“Right in here, you have the ultimate adaptation,” says Cyr as he walks toward the second elevator located in a den on the main floor. The elevator goes to the walkout — or “rollout” — basement.

In the basement, a bar with a lower counter makes it easier for someone with a disability to serve drinks to guests. There’s also a lowered pool table to entertain them.

One of the three bedrooms is also in the basement. It’s meant for a caregiver and has built-in speakers in the walls. 

An automated dog door is built into the basement entrance.

“The dog has a special collar,” Cyr says. “When the dog comes up to it, a sensor picks it up, and, swish, (the door) opens up.”

The price tag for all the modifications adds about $150,000, Cyr adds.

“Without the more costly modifications, like the elevators, it’s probably the same price.”

The master bedroom is on the main floor “for obvious reasons.”

A “zero-entry” shower in the corner means there are no barriers and allows someone in a wheelchair to roll down a sloped floor and close a curtain behind them. The sink has space underneath it, like a desk, so that a wheelchair can pull up to it. The toilet has a bidet. Clothing rods in the dressing area are lower. 

Also in the master bedroom is a ceiling track attached to a sling above the bed. It’s meant to help a caregiver take someone from the bed to the bathroom and dressing area.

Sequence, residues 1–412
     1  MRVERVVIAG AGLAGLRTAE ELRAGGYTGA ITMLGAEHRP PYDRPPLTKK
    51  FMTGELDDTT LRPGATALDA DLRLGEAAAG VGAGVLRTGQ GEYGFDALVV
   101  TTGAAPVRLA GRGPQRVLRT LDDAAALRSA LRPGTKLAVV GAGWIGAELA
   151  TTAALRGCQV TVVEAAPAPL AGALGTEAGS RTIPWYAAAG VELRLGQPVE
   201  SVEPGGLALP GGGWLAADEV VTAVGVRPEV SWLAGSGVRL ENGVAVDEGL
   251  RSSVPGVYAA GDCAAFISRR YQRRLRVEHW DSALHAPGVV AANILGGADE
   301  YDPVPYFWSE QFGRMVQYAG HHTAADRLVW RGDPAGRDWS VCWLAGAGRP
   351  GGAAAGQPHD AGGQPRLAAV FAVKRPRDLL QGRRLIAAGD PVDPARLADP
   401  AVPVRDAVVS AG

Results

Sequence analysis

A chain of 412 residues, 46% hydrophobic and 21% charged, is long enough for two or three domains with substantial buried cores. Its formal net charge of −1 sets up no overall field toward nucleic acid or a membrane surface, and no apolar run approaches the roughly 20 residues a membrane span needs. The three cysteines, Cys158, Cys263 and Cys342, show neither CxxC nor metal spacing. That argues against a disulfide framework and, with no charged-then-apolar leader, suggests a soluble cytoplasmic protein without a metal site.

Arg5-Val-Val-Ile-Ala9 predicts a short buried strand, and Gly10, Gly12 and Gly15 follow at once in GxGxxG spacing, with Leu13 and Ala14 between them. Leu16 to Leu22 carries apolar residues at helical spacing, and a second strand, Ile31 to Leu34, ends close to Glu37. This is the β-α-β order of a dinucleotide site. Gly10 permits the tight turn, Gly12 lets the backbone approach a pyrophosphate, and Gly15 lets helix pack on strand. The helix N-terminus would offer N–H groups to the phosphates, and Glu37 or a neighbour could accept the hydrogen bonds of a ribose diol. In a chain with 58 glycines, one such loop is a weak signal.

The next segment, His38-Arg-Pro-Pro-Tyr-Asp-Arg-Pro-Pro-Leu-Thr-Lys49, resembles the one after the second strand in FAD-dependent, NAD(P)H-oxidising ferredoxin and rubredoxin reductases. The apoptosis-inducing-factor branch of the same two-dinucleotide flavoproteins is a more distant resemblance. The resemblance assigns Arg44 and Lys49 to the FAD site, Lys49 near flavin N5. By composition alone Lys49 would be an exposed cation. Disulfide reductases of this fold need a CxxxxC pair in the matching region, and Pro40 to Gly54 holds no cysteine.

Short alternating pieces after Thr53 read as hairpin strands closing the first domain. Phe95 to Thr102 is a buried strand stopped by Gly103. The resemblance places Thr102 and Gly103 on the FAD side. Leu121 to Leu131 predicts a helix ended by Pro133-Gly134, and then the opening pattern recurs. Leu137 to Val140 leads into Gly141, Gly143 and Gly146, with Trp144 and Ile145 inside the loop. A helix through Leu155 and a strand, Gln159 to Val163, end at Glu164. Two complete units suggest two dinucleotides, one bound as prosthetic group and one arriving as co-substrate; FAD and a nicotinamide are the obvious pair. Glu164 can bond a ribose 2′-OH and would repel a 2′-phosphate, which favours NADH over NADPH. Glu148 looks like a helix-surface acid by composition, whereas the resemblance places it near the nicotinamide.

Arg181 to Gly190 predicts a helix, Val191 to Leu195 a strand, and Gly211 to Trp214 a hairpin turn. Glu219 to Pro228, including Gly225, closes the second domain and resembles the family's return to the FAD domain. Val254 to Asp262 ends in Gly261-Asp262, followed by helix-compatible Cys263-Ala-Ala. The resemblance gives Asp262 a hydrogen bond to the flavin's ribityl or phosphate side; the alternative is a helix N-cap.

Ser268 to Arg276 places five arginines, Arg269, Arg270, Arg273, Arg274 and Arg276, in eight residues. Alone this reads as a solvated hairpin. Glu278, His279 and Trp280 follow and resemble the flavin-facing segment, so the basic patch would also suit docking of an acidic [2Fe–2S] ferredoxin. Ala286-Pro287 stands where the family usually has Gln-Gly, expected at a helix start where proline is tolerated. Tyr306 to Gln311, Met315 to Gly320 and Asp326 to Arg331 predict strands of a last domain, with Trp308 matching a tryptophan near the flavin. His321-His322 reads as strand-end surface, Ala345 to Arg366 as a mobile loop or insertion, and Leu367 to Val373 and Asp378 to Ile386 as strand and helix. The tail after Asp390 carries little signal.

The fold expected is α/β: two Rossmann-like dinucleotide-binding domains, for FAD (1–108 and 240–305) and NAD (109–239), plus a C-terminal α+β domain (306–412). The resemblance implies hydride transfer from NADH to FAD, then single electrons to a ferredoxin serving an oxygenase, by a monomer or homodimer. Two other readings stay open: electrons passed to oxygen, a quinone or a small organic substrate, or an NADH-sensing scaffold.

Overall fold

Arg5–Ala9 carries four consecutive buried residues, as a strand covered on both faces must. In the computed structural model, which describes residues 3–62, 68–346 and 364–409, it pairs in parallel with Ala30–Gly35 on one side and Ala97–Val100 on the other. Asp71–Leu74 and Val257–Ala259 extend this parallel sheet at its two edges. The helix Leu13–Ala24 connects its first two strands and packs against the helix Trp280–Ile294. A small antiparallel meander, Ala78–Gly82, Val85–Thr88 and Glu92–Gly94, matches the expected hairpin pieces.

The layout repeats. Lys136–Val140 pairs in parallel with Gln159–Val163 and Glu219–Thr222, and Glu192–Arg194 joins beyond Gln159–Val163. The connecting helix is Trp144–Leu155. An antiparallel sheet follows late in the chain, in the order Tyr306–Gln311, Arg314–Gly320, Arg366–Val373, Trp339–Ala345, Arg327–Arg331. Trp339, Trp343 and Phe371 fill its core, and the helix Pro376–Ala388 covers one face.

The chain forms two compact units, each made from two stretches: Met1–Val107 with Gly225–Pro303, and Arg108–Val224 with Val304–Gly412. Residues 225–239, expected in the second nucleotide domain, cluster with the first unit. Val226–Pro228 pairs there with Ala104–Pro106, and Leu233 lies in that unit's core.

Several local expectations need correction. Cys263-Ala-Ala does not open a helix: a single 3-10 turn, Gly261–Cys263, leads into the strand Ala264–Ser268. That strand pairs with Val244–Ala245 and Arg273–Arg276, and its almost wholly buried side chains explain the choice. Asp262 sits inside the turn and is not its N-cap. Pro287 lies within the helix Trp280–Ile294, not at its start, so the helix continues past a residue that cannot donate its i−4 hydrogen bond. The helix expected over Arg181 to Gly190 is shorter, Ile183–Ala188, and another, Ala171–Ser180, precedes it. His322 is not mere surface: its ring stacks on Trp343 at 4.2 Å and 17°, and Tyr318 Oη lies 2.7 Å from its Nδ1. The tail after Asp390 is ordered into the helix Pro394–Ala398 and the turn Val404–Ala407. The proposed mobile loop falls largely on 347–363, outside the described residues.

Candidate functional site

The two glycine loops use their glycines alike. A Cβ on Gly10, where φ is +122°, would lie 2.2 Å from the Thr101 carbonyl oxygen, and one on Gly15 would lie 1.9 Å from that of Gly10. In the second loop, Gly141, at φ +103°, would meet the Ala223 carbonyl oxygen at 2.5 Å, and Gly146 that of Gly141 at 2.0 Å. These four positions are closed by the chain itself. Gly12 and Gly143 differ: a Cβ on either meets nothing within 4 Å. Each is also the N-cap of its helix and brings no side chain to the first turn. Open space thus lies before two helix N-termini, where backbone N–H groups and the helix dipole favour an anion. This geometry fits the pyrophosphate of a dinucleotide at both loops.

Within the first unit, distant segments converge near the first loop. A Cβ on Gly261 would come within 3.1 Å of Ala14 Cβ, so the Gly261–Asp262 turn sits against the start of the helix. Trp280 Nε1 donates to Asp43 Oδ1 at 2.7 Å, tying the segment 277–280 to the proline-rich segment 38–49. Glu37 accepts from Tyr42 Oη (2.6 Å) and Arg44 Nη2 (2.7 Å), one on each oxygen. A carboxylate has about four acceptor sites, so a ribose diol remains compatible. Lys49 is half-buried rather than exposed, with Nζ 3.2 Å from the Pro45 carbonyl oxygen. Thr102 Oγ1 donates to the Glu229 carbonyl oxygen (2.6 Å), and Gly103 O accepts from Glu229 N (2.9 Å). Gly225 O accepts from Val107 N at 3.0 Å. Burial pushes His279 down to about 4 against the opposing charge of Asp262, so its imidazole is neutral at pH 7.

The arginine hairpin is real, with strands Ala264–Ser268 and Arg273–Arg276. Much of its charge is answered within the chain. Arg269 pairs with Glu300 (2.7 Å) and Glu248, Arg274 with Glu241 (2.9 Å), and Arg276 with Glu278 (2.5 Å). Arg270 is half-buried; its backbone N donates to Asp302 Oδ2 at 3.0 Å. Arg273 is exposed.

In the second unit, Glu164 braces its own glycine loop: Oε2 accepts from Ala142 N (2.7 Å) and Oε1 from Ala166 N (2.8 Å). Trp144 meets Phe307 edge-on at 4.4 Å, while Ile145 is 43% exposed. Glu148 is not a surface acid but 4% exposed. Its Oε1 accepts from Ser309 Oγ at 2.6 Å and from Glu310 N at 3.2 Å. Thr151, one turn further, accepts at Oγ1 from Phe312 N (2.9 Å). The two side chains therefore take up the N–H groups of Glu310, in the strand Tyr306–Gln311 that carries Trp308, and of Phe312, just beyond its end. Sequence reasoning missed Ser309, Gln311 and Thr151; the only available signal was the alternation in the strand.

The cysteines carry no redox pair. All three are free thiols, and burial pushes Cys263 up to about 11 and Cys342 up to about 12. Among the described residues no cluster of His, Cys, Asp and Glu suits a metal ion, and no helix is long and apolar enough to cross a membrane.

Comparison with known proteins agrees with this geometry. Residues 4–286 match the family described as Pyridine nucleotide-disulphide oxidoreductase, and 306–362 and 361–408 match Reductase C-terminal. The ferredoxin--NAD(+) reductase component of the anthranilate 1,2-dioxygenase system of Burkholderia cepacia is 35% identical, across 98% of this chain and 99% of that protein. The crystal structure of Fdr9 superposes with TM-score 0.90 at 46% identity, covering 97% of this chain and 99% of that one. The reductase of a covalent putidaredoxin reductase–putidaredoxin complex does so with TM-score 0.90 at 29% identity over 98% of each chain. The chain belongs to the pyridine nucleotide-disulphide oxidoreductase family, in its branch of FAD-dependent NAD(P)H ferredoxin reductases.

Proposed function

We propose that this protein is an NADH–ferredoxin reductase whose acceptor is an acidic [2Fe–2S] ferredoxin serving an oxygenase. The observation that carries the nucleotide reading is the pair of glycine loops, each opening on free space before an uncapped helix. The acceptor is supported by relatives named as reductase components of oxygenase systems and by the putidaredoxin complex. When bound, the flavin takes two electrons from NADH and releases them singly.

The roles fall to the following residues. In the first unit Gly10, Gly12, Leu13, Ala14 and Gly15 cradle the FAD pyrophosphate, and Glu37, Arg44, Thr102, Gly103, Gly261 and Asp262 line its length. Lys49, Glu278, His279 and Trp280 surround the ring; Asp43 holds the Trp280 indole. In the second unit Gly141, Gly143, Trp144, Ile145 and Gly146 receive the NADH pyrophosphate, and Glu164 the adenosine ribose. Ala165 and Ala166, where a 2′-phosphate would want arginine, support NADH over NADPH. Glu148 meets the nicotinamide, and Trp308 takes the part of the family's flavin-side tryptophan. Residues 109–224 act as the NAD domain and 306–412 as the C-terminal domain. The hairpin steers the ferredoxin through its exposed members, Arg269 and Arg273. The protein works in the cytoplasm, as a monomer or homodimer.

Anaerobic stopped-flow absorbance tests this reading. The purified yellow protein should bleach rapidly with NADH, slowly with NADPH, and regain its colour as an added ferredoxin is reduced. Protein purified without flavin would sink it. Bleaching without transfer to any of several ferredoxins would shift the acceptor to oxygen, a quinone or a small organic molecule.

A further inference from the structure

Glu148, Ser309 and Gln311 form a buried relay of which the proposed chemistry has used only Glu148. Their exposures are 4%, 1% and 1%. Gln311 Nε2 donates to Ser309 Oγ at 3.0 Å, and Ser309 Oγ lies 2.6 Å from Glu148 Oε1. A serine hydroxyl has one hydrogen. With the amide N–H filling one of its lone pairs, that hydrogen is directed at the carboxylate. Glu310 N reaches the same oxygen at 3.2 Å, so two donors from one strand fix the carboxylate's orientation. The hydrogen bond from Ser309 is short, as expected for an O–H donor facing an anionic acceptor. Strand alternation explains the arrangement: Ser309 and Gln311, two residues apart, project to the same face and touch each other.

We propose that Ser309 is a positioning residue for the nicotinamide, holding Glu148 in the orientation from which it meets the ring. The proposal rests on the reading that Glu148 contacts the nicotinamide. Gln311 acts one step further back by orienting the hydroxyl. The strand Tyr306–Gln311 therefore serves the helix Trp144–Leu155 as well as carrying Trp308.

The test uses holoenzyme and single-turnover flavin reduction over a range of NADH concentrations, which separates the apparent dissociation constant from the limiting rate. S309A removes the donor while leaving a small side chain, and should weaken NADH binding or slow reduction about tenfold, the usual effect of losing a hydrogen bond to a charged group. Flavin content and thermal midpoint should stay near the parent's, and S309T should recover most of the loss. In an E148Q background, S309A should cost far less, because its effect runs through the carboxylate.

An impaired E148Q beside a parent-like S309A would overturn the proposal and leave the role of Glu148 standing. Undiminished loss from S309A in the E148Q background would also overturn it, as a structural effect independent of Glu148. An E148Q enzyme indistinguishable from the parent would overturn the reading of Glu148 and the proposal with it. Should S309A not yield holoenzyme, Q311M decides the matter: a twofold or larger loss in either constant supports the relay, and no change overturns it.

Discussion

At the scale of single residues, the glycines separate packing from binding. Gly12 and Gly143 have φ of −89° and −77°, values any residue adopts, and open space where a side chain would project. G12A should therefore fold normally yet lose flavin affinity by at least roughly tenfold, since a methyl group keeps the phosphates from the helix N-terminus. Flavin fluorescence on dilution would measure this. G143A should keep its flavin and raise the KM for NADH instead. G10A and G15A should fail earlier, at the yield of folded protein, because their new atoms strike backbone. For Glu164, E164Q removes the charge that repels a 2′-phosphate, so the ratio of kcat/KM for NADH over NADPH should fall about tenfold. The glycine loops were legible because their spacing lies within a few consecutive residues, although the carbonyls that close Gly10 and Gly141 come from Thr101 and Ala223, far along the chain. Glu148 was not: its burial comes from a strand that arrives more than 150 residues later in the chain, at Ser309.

“It’s all about thinking about things that people with disabilities may need,” Cyr says.

Kevin Benson designed the home in 2017 for a friend who had amyotrophic lateral sclerosis, also known as ALS, and has since died.

“I learned a lot,” says the owner of Hereditary Homes.

“The ALS Society (of Canada) came in and helped him with what he was going to need. My friend bought the home to basically be close to his parents … He put a lot of money into it to renovate it.”

Benson says some of the modifications, including something as small as a one-step staircase instead of multiple steps, have been helpful in his own life.

“Five years ago, I had a hip replacement. I was on crutches for a couple of months and, I’ll tell you, I was sure happy that it was only one step from the garage.”

An increasing number of people looking for their “forever home” have been asking him about the modifications.

“Most are in their 50s and 60s,” Benson says.